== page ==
Paediatric Acute care Guidelines PMH Emergency Department



The aims of intravenous fluids in a child with burns are:

  • To rehydrate the child with a major body surface area (BSA) burn (this excludes simple erythema):
    • 0-18 months: 8% and over
    • Older children: 10% and over
  • To achieve adequate perfusion of all potentially viable tissue and to maintain function of all vital organs, as evidenced by adequate, and not excessive urine output.



The following baseline tests need to be obtained if an IV cannula is inserted:

  • FBC, LFT, U&E, BGL
  • Venous Blood Gas (VBG) (if inhalation burns or carbon monoxide poisoning is suspected)
  • Group and Hold (if other injuries are present secondary to trauma)



Initial management

Burns Resuscitation Fluids According to the Parkland Formula

  • To be added to the child’s normal maintenance fluids
  • Calculate the volume required for fluid replacement using the following formula:

% BSA x weight (in kg) x 2

  • To assess the % BSA use the Burns Body Surface Area Sheet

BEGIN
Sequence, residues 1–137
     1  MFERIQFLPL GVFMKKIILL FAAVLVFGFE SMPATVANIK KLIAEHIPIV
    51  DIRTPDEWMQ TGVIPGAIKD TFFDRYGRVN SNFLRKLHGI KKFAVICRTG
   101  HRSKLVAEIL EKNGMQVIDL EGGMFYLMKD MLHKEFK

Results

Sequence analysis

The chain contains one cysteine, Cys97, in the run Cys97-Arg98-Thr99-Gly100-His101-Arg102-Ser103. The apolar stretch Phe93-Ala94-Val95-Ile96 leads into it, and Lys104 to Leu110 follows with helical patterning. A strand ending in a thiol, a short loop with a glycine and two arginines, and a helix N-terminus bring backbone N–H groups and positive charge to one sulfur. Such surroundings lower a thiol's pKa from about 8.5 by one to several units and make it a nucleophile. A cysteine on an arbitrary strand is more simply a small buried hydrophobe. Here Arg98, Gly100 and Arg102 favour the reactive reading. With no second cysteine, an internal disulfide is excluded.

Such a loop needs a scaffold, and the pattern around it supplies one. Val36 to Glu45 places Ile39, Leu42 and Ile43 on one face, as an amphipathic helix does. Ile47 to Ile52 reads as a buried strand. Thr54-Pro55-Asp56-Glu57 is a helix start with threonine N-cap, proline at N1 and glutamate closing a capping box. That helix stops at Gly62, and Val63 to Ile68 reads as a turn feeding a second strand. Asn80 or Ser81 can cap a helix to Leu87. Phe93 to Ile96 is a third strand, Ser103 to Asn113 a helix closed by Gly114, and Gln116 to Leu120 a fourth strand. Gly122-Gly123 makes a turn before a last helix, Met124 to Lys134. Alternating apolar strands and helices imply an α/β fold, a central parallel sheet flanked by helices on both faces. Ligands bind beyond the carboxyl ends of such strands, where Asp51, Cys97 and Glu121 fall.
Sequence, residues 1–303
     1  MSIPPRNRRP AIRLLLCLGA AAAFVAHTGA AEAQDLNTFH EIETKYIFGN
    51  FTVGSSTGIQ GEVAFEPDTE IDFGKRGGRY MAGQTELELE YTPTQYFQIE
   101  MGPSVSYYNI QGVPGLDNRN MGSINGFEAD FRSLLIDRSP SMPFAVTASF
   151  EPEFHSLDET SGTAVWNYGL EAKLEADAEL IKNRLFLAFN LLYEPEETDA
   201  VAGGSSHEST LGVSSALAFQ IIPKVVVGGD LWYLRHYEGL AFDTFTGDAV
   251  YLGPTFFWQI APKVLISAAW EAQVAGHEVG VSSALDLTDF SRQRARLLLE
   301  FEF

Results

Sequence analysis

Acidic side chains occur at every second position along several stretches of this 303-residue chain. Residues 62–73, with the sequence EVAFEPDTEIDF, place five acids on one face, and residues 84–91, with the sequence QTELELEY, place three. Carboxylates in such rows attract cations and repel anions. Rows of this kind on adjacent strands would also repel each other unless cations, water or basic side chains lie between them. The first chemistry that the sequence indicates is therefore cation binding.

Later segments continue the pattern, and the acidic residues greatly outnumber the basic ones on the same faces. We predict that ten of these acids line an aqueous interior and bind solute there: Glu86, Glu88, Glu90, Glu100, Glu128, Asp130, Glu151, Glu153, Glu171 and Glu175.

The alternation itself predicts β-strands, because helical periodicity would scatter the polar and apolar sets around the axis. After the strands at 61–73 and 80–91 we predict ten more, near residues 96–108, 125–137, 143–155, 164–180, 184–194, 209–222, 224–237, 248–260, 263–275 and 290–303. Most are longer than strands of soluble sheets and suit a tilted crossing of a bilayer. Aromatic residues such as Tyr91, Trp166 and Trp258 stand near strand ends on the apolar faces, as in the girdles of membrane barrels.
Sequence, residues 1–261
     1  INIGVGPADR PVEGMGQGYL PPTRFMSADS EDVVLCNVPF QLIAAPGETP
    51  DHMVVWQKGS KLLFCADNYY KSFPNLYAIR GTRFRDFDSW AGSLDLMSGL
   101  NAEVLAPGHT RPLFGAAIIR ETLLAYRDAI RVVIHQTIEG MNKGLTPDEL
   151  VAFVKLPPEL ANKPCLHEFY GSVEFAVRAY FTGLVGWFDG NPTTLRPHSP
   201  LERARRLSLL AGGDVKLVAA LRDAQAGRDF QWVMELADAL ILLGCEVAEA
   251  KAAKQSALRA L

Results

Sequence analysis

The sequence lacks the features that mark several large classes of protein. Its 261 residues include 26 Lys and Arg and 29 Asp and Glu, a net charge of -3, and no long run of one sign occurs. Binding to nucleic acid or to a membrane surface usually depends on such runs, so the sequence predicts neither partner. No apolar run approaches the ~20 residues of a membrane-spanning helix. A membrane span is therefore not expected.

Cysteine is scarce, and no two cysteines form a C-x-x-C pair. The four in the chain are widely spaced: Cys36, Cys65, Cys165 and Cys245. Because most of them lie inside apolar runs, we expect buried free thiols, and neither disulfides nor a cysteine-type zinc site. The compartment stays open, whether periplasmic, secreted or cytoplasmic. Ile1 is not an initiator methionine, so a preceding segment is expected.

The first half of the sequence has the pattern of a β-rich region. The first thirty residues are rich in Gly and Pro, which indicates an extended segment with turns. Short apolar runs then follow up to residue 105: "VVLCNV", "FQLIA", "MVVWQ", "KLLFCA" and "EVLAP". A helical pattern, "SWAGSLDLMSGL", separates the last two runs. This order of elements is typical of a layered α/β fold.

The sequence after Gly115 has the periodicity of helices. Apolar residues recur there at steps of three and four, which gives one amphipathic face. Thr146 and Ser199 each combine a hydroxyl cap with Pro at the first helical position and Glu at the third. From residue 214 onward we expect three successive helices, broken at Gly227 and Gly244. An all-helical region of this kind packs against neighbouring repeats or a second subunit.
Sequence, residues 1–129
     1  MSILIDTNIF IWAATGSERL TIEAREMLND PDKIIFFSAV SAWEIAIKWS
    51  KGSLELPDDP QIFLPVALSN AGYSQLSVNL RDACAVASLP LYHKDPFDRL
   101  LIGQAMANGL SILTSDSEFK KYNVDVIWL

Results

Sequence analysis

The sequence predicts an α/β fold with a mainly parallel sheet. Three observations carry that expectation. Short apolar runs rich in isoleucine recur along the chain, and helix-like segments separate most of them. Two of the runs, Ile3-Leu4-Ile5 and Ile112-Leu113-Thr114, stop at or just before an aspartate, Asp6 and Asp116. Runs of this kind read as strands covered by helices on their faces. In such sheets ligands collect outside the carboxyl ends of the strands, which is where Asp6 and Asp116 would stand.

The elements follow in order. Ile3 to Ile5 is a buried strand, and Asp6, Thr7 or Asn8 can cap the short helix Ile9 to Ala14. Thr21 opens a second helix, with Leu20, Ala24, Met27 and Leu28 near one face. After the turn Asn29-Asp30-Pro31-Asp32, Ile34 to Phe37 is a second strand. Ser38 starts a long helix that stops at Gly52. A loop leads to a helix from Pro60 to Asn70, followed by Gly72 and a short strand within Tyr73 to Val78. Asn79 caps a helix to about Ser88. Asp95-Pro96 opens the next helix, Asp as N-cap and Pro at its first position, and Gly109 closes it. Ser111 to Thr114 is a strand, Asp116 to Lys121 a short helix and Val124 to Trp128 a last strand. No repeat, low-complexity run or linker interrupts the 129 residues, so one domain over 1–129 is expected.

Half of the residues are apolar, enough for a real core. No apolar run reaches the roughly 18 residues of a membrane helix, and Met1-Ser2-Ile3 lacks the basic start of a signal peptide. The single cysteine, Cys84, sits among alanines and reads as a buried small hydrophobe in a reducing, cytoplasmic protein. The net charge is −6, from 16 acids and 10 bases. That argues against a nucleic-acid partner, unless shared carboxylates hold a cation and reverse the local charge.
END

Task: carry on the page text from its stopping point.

• This gives an estimate of the volume of replacement fluid required in the first 24 hoursfrom the time of the burn (not from time of arrival in hospital)
  • Administer this calculated volume using Hartmann’s solution as follows:
    • 50% within the first 8 hours
    • 50% over the next 16 hours
  • Adjustments may be required based on the ongoing assessment of the child
  • The Burns Registrar will recalculate the estimated % BSA during the initial assessment


Determine child’s normal daily maintenance fluid requirement – See ED guideline: Fluids – Intravenous Therapy

Total fluid requirement calculation: 

Total fluid = rehydration fluid + maintenance fluid (given as an hourly rate)

  • Any volume of fluid given and tolerated orally or by nasogastric tube should be deducted from the IV fluid volume that is required to maintain the desired urine output
  • Monitor urine output closely after first 2 hours

Urine output

  • As a rule, if a burn is severe enough to require IV fluid resuscitation, then urine output should be properly monitored with a catheter
  • Optimal urine output 0.5 – 1mL/kg/hr for paediatric burns fluid resuscitation patients
  • Adjust fluid rate to compensate

See Burns Fluid Calculator

Further management

Neurovascular Observations

  • The burn must be elevated to reduce swelling (especially important in circumferential burns)
  • The neurovascular status must be observed closely
  • Excessive fluids may result in increasing oedema, possibly compromising the circulation and necessitate an escarotomy
  • Early review by the Burns Registrar or Consultant is vital if there are any concerns regarding vascular compromise


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